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Flavour formation from catabolism of amino acids

Acceleration and diversification of flavour formation in
semi-hard cheeses, by controlling amino-acid catabolism
with lactic acid bacteria (lab).

Accelerating or diversifying flavour development in cheese is of major economic interest since the final flavour of cheeses partly determines consumer choice and flavour development is a time-consuming and expensive process that is still not well mastered. Flavour development in cheese is a complex degradation process requiring the concerted action of proteolytic, lipolytic, glycolytic and amino- acid-converting enzymes (AACEs). An important initial step in flavour development is the proteolysis of milk caseins by the activity of rennet, and proteases and peptidases from starter culture lactic acid bacteria (LAB). The resulting peptides and free amino acids are then converted into flavour compounds through the action of AACEs. The proteolytic degradation process of milk caseins has been extensively studied, whereas the subsequent biochemical pathways from amino acids to flavour compounds have only been partially characterized. Previous studies, especially those carried out in the EUROPEAN COMMISSION's FAIR project CT97-3173, have demonstrated the major role of amino acid catabolism in the flavour formation in cheese and the possibilities of intensifying and diversifying flavour formation in cheese by controlling amino acid catabolism by lactic acid bacteria. These results open new avenues to intensify or diversify aroma formation in cheeses and especially in cheeses made from pasteurised milk without surface flora and also in low-fat cheeses. For such cheeses, flavour formation requires a very long ripening time (e.g. up to one year for cheddar). The aim of this project is to improve the flavour of this type of cheese (or accelerate flavour formation) and create new cheese varieties with new flavours, using selected and controlled internal flora. To do this, it is necessary to find criteria allowing strains with high or specific potential to be selected for flavour formation. These selected strains should also have the technological qualities required to become industrial ferments, which permit automation, reproducibility and safety in cheese- making. The first objective of the project is to establish a relationship between certain amino acid catabolic activities and high or specific potentials of aroma formation, in order to develop a screening method for the selection of strains with interesting aromatic properties. The basic research will use Lactococcus lactis which is widely used as starter in the cheese industry and constitutes the major flora of semi-hard cheeses. The project will be divided into 6 tasks. The first three are precompetitive research tasks while the remaining three are development tasks: 1. Identification of key amino acid converting enzymes (AACEs) for the formation of different aroma compounds. AACEs that prevent or slow down flavour formation will also be identified. The importance of key AACEs will be investigated by constructing deletion mutants or mutants that overexpress the enzyme. 2. Development of screening methods for key enzymes. Enzyme activity tests and molecular probes for corresponding genes will be developed. 3. Investigation of the possibilities of controlling key enzyme activities at the level of culture conditions. 4. Selection and/or construction by self-cloning of lactic acid bacteria (LAB) strains with desired activities. 5. Development of starters or adjunct cultures from selected or modified strains. 6. Cheese trials at small or pilot scale with selected or modified strains, new starters or new adjuncts. Keywords: flavour, cheese, lactic acid bacteria.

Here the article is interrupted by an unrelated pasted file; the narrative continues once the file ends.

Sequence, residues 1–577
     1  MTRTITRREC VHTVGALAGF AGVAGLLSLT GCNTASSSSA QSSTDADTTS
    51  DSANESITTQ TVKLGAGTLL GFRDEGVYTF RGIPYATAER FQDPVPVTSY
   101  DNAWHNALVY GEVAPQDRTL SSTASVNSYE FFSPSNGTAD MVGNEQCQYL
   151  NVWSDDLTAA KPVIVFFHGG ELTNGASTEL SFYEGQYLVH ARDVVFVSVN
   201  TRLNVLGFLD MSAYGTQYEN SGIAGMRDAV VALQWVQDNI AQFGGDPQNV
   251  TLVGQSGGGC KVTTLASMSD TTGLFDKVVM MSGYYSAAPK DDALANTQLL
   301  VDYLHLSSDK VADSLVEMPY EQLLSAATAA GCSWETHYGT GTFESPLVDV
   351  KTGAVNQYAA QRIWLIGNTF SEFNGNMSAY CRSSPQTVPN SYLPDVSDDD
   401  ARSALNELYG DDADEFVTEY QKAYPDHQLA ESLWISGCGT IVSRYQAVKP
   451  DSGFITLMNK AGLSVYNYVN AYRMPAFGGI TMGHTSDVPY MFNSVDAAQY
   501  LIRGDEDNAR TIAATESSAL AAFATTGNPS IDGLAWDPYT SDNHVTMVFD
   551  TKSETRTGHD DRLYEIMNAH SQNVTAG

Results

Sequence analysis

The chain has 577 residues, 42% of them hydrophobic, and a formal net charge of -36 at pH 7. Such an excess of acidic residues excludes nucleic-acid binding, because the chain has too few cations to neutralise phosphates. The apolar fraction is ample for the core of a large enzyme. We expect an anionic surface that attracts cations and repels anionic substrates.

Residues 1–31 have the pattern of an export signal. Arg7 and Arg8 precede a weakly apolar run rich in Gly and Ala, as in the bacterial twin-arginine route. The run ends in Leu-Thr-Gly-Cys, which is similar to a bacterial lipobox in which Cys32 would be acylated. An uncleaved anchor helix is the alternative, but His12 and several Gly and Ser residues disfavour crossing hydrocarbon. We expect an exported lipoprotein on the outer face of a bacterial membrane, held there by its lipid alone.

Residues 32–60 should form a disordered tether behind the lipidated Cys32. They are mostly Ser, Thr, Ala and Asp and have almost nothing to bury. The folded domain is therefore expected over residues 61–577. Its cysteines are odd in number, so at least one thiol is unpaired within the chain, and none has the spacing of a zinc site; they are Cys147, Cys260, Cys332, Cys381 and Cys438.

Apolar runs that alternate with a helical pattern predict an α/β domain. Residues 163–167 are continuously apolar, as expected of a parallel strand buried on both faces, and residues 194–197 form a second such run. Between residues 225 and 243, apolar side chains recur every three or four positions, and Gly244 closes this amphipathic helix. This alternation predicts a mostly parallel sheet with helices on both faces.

Project ID: 
2 536
Start date: 
11-12-2000
Project Duration: 
52months
Project costs: 
3 200 000.00€
Technological Area: 
Enzymology / Protein Engineering / Fermentation
Market Area: 
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